You may also find that the reduced expenses have improved your loan serviceability which may allow you to consider purchasing an investment property. There’s plenty to think about when the kids leave school and spread their wings!

Give me a call if you would like to discuss your home loan options.

Source: Finance Matters Summer Issue 2016




Helping Stars to Shine

I just read a very interesting article in the Janary 2017 AustralianBroker magazine, one I felt worth sharing given we would have many talented students in the area, preparing to take on their University studies for the first year.

The article reads as follows:

Imagine being a 17 year old in regional Australia. You've topped your classes in high school and gained a place at a university in the big smoke, but there's just one thing holding you back, money.

This is where Bendigo and Adelaide Bank's Scholarship Program gives financially disadvantaged yet academically oustanding students the opportunity to access tertiary eduction, with many applicants making the transition from country towns to the city. 

Since its beginning, when it supported 1 student, the program has grown exponentially. As it enters its 10th year, it now supports 468 students and is worth more than $5.4milliion.

The bank's scholarship award value is $5000 for the student's first year of study but may be renewed for a second year, subject to their academic performance. 

There are also a lot of community banks involved in this program, so their offering to support kids from their areas. 

For more information on the program, head to the Bendigo Bank website and search for Scholarship Program.




Ashley Churchill, Mortgage Broker / Home Loan Specialist in Gerringong, covering the areas of Gerringong, Gerroa, Berry, Kiama, Shellharbour, Wollongong, Thirroul, Bowral and the Southern Highlands.


Investment Housing Loans Continue to Surge

In a recent survey conducted by the ABS (source: AustralianBroker January 2017 issue), the total value of dwelling finance commitments as at November 2016 was $32.7billion. Of that $32.7billion, $12.9billion (or 39.5% of total) in loans were for investment purposes. $19.8billiion were for owner occupied loans.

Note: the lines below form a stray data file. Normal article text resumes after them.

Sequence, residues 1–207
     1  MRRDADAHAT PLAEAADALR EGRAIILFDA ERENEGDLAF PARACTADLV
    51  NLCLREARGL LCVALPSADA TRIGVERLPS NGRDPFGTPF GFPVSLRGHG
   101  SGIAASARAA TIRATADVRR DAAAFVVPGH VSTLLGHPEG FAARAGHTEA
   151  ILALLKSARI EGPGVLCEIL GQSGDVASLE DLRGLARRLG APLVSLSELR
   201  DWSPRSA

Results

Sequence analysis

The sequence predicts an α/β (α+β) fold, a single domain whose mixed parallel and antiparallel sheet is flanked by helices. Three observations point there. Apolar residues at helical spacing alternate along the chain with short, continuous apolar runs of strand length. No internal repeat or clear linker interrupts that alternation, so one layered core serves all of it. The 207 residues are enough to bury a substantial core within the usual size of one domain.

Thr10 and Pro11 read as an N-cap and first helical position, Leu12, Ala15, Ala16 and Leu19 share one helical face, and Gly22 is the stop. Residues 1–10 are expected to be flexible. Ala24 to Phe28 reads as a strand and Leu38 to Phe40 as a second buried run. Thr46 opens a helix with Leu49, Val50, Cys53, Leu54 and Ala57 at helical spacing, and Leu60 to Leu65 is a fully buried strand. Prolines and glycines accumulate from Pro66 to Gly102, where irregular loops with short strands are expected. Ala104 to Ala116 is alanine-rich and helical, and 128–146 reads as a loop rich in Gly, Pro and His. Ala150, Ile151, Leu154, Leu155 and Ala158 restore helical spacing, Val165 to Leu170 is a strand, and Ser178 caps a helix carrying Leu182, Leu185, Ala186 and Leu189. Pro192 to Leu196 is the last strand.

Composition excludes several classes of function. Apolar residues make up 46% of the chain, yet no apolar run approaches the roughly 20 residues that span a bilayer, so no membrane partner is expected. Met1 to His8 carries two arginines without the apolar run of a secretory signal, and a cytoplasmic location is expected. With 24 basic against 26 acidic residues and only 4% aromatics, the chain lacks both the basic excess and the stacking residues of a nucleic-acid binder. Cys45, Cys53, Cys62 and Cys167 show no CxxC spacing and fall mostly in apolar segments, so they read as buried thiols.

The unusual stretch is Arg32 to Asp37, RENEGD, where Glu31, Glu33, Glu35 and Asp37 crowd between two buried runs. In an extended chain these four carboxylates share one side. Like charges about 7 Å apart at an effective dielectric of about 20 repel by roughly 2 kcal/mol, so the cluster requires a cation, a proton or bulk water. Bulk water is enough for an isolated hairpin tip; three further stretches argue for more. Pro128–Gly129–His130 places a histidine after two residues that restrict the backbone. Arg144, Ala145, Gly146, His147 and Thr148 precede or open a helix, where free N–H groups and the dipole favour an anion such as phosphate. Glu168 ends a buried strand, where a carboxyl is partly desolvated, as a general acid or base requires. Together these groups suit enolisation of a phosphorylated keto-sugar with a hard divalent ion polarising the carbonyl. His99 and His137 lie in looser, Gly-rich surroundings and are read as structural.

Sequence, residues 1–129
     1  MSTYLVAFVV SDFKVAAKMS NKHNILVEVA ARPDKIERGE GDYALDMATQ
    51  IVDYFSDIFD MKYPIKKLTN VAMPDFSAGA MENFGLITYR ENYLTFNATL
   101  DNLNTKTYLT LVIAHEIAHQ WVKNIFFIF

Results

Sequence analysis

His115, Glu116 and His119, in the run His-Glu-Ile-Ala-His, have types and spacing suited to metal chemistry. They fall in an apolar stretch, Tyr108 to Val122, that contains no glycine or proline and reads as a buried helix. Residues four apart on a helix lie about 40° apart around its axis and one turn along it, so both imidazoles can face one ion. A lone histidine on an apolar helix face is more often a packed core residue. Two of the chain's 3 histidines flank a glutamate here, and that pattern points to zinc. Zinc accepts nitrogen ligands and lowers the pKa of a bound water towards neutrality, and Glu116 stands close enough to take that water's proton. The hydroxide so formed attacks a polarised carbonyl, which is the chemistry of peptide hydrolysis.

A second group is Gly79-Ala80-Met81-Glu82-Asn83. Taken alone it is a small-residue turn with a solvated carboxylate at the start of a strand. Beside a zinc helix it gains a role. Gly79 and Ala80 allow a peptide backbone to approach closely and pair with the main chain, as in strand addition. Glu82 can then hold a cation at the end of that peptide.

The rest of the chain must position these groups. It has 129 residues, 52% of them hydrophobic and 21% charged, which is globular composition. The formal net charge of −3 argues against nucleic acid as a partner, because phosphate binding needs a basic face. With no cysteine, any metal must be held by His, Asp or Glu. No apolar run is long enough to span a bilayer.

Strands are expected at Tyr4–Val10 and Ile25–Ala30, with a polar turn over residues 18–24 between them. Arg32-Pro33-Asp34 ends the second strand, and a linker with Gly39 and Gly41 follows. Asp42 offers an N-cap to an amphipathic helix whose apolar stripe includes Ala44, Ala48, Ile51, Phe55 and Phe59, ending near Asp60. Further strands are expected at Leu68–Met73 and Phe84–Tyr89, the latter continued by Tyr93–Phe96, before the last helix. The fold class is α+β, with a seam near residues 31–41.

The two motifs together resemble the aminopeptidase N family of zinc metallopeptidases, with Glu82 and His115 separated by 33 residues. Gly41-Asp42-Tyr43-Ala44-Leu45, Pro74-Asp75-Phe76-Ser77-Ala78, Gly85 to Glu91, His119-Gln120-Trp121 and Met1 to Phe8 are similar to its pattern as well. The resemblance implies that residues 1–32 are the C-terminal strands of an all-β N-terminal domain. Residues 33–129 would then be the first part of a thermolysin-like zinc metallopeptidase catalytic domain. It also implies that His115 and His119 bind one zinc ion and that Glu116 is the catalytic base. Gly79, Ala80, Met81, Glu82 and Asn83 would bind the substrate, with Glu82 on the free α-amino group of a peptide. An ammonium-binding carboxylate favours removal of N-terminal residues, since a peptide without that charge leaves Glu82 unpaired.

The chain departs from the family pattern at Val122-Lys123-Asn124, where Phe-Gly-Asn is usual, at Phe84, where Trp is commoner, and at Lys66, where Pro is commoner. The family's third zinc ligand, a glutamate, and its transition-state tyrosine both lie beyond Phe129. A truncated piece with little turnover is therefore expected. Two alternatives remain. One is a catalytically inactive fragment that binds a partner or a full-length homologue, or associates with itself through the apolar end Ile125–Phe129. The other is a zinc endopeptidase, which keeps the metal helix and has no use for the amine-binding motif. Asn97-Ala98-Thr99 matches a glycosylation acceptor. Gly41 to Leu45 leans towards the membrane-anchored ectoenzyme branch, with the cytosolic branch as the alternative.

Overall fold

It seems that the recent increases to investment home loan rates may have slowed investors initially, but they are coming back and still have the confidence to investment in our current housing market. 

13 February 2017



Ashley Churchill, Mortgage Broker / Home Loan Specialist in Gerringong, covering the areas of Gerringong, Gerroa, Berry, Kiama, Shellharbour, Wollongong, Thirroul, Bowral and the Southern Highlands.

85% of Australians don't know their Home Loan Rate

While most Aussies can remember their phone number (94%), their number plate (77%) and their parent’s phone number (76%), new research from UBank has revealed 85 per cent of Australians don’t know their home loan rate.

For the second year, UBank has released The UBank Know Your Numbers Index, which aims to understand how Aussies are tracking with their financial management. The 2017 report reveals a slight rise in people not knowing their exact home loan rate – up from 84 per cent in 2016.

Of those surveyed 44 per cent could only recall an approximate figure for their home loan rate while the remainder (41%) simply didn’t know their rate at all.
Lee Hatton, CEO of UBank said “actively monitoring and seeking the best rate should be a priority for home owners as there are some great benefits on offer. We are seeing some of the lowest home loan rates on record, so now is the perfect time to know your numbers, and consider refinancing.”

“Buying a home is one of the biggest investments of your life, so it’s really important that you find the right loan that suits your individual needs. Simply knowing your exact home loan rate and managing it closely could save you thousands of dollars a year.”

The research, conducted amongst 1,021 Australians with a home loan, also revealed Australian's are feeling financially strained, with 54 per cent admitting that their financial situation is causing worry and stress. While a further 33 per cent of Australians constantly worry about their future.